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Kill or be killed… ?


Nope, nothing to do with the “matzav” (current situation).

Sorry if you clicked through because of that.

Nope, if you know anything about me, it’s that spelling and grammar mistakes on Israeli signs amuse me to no end. 

Two things about this sign intrigued me. 

(Three if you count our biggest question – what the $#!% is the name of the street we were standing on, with the missing street sign?!?  To this day, we still don’t know.)

Following this post the day before went to Tzfat about the mystery of English place names in Israel, I was reminded by about a million highway signs that the main spelling of the city’s name, in English, is actually Zefat.


Beyond the weird spelling, on the sign up on top, there’s also a subtle grammatical mistake that makes, in this case, all the difference in the world.


This street is named in memory of the 12 22 children of Tzfat (thanks to a reader for pointing out my mistake with the numerology), it says in Hebrew, who were killed in the 1974 massacre in Maalot

But that’s not exactly what it says in English; there, the passive voice has been mangled to an extreme, turning the 12 victims into murderers.

Given the tragedy behind the story, perhaps it’s disrespectful to find fault with something as nitpicky as a translation.  And yet… and yet.  How else are you going to get your nation’s story across, if not with language?  It’s not like there are no English speakers in Tzfat who they could have asked for the proper translation.

I guess my serious point is that if your lousy translations make the history of a place seem clownish or insignificant, there’s a big chunk of visitors who aren’t going to appreciate the important stuff.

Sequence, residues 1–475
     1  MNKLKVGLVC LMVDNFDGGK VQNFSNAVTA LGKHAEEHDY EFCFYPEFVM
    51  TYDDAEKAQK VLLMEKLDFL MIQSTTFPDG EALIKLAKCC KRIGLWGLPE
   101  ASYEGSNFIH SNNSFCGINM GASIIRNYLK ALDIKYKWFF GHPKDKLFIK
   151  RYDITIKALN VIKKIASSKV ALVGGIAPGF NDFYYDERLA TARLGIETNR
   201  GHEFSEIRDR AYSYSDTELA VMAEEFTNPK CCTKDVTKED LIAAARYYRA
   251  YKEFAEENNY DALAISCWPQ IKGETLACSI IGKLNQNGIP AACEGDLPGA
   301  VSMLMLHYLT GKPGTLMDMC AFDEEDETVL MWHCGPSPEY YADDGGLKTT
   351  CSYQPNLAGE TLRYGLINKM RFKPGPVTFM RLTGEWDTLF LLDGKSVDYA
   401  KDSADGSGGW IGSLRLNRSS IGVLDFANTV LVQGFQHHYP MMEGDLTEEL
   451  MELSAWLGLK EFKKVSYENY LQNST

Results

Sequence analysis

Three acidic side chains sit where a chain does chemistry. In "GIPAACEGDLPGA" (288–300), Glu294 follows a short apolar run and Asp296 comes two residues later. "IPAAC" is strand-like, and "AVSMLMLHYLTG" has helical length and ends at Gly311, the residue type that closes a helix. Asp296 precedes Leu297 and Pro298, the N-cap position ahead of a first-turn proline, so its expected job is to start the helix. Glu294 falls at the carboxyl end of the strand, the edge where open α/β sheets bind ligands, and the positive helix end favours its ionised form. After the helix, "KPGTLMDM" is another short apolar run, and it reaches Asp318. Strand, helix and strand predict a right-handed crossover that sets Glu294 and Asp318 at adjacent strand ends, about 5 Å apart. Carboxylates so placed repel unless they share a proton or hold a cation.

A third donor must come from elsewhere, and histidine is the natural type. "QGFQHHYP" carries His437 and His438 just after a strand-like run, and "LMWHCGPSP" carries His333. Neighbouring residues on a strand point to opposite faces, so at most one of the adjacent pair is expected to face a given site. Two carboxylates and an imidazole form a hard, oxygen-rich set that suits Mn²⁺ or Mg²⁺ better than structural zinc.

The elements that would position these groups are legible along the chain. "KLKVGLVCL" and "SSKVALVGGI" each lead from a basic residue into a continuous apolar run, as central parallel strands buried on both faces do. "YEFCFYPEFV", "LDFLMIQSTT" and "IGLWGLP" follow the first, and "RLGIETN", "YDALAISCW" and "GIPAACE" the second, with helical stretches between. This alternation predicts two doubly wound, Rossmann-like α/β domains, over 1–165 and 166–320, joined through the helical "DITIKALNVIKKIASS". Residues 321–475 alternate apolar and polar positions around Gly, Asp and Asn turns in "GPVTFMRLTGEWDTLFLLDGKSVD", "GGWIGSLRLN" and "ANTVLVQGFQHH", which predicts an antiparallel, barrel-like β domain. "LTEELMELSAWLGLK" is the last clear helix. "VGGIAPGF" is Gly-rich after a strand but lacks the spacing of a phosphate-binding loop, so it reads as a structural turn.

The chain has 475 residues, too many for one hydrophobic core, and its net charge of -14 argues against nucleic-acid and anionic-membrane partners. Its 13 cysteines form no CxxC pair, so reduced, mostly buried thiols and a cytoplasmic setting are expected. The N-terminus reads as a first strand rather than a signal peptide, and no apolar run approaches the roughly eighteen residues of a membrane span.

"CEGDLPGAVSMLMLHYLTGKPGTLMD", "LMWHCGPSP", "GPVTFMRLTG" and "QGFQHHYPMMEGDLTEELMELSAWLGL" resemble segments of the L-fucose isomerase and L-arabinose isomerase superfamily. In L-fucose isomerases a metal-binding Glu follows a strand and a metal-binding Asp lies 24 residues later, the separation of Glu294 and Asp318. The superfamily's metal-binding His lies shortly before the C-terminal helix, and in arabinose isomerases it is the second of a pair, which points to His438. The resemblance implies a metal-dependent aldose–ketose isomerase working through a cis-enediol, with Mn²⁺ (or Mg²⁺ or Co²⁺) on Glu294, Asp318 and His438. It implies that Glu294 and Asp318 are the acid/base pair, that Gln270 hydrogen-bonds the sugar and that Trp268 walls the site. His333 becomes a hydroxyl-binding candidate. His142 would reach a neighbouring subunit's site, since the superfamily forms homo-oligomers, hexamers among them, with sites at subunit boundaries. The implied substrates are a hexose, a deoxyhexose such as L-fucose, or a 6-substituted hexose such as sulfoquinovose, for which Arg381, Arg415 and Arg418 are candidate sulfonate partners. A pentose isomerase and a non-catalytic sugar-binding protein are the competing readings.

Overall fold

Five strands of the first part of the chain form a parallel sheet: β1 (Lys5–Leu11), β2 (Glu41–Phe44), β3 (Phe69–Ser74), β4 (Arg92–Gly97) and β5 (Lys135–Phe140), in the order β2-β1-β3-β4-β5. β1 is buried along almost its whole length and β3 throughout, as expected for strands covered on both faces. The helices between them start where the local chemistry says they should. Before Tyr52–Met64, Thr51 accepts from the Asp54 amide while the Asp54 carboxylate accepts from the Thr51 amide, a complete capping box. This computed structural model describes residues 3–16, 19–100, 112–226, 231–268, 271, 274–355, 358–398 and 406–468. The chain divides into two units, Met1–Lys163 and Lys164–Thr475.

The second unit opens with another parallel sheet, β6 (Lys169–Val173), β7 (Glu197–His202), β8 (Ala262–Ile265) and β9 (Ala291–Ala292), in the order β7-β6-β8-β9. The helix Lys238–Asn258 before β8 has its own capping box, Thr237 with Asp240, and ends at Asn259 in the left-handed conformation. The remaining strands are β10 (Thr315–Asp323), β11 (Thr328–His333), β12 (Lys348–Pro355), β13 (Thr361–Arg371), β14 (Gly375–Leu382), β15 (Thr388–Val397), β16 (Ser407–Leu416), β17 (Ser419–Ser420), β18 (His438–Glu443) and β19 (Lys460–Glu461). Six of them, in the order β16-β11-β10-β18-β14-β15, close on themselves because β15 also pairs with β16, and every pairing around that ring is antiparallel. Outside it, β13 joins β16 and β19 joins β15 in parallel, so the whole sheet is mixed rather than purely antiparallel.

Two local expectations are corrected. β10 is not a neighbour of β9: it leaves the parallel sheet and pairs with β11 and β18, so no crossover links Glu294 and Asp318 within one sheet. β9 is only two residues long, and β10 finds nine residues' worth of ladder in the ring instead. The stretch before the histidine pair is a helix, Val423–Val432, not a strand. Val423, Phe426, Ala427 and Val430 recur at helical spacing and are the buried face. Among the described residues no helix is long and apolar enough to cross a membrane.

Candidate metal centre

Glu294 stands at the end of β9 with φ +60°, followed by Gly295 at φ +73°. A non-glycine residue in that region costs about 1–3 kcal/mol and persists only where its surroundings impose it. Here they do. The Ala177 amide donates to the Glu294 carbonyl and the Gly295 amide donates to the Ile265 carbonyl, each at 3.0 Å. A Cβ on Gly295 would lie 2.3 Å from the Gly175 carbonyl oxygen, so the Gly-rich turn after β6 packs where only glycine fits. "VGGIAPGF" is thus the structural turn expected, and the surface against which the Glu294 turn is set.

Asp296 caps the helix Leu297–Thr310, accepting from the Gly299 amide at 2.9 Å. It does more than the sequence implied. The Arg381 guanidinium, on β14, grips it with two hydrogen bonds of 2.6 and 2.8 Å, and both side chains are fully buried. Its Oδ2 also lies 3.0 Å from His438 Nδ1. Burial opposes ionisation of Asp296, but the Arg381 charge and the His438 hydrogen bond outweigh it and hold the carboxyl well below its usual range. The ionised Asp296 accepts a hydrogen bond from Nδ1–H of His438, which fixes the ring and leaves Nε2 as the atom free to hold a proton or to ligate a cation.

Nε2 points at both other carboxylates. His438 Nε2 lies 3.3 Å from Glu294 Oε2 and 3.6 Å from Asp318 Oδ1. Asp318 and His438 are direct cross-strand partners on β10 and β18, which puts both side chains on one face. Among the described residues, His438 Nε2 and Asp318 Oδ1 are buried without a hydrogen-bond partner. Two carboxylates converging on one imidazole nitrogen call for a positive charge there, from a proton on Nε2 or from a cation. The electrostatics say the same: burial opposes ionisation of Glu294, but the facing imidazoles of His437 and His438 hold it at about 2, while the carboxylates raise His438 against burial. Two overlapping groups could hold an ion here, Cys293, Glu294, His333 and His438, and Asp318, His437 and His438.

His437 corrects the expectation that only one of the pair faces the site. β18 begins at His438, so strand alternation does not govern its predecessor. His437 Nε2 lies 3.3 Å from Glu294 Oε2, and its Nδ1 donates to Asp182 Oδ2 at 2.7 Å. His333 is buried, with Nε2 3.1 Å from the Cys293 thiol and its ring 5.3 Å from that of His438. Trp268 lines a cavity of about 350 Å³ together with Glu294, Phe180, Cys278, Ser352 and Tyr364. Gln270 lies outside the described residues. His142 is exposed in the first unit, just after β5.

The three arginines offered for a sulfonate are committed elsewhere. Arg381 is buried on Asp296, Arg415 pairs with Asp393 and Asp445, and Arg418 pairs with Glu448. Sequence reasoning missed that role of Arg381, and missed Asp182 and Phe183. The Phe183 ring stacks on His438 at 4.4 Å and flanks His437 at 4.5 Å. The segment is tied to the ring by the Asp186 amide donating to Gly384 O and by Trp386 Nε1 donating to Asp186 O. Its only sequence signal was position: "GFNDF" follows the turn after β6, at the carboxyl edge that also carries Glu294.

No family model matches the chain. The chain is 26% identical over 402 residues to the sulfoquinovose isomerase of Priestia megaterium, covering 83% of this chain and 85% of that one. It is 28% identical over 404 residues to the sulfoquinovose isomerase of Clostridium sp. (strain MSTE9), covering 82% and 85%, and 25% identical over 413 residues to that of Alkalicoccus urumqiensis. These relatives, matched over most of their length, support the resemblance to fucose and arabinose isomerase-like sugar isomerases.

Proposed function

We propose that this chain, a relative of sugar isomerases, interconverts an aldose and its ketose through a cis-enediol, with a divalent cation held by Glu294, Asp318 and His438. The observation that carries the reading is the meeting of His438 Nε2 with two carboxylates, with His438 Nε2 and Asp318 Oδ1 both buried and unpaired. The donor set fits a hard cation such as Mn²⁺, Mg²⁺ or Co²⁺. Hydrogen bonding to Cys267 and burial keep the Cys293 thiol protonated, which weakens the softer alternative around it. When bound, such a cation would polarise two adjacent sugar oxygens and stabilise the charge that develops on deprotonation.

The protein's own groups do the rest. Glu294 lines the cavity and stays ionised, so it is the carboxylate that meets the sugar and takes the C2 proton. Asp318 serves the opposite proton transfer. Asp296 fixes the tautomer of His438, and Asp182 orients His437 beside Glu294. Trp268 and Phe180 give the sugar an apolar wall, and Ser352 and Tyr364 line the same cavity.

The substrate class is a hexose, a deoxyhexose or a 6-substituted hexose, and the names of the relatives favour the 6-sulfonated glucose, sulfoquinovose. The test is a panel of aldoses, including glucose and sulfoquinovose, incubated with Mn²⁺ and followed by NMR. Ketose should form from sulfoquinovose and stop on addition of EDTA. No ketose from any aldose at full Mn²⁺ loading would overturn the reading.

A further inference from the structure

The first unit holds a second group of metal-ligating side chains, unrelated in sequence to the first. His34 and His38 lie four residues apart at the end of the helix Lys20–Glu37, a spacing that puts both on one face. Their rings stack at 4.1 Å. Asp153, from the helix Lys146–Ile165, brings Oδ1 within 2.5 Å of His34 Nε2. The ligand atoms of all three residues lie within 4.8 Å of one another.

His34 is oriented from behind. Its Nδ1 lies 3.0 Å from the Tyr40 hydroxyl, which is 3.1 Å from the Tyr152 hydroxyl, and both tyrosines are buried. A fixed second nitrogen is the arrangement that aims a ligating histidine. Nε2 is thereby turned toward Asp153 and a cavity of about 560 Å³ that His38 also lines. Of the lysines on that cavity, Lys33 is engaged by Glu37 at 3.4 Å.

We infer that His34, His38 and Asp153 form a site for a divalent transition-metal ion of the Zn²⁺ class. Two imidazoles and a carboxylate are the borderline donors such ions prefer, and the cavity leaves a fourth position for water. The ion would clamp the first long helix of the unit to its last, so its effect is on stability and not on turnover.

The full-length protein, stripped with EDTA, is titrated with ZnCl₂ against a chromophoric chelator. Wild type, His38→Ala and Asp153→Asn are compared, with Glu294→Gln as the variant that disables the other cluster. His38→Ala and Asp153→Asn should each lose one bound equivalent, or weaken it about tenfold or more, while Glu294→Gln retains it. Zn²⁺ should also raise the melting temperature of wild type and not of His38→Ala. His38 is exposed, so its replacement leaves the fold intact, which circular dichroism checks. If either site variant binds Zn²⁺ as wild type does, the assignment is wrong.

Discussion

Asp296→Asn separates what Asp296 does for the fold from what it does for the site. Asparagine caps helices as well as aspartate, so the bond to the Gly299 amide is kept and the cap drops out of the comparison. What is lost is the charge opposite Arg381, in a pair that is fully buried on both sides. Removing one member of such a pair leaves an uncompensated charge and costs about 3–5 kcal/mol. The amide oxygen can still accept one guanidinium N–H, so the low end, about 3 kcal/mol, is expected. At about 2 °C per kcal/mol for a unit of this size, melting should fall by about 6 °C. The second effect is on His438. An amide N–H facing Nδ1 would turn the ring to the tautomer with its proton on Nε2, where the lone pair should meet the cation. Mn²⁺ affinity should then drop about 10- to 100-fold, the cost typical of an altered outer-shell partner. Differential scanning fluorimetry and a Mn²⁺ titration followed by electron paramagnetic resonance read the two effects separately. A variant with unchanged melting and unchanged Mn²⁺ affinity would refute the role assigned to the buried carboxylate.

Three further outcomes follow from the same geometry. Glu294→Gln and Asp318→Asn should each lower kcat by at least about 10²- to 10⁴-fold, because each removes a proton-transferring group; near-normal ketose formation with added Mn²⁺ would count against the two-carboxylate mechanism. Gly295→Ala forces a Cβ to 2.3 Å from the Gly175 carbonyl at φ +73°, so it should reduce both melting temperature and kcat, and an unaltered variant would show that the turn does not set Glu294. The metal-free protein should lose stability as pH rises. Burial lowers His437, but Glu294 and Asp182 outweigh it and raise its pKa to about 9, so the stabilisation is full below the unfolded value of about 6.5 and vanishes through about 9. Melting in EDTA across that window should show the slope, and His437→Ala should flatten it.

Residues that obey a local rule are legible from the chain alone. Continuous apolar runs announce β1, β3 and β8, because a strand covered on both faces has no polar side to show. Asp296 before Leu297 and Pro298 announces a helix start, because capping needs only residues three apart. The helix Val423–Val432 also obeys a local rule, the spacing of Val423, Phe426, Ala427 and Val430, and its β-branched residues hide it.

By “big chunk,” I mean me.  And others like me.  There must be others like me… right?

Put up your hand:  are you a spelling-and-grammar stickler, too?


  1. kaf bet is the number 22, not 12. Now, there were indeed 22 child victims, but in general if kaf bet stands for a number there would be two "tzuptchicks"
    between the kaf and the bet. instead there is only one "tzuptchick", and it is after both letters,
    which means it is a shortened word, in this case a shortening of the word "kvish", road.
    And the translation is bizarre, it is neither "road" (for kvish) nor "22" for kaf''bet.
    Thus an even stranger translation, for a grand total of two?

    lizabennett aht yahoo

    1. You're right about the gematria. I was waaaay tired when I wrote that. :-)
      I'm sure the intention is 22, not kvish, because it already says rechov. Weirdness upon weirdness.

  2. Before I read this, I read your post on English transliterations of the street signs in Hebrew and I agree with you, any inconsistency or bad grammar is grating to me. I would think there is a standard in transliteration and if there is it should be used on all street signs.

    1. You'd think that would work, but then there's something like the Pasteur sign or "Captain Steve" that wouldn't work with a transliteration standard. I think we need a mix of standardization and intelligence. A girl can dream, right...? :-)

    2. I suppose there is a consensus regarding certain Hebrew letters, such as Tz = Tzadi or Kh = Chet. Words in other languages can speak for themselves. You are right as to the need for intelligence.

    3. Sheldan, I find that actually "Z" is more common for tzadi, which annoys me to no end. There's a street here called ארץ הצבי which is transliterated "erez hazevi". Why is the Z doing double duty? I have no idea.

  3. Oy! That's really horrible! As you know, these kinds of mistranslations usually crack me up, but this one is definitely NOT funny... :-(

    1. Not funny, I agree. I did say it "intrigued" me, not "amused" me. It was not a ha-ha moment, I assure you. But I was intrigued enough that I googled it and found out about the massacre, and linked to it here. I do appreciate the way these signs try to give more information, just wish they would consult with one of the thousands of native English speakers who live here and who'd be happy to help.


I'd love to hear what you have to say.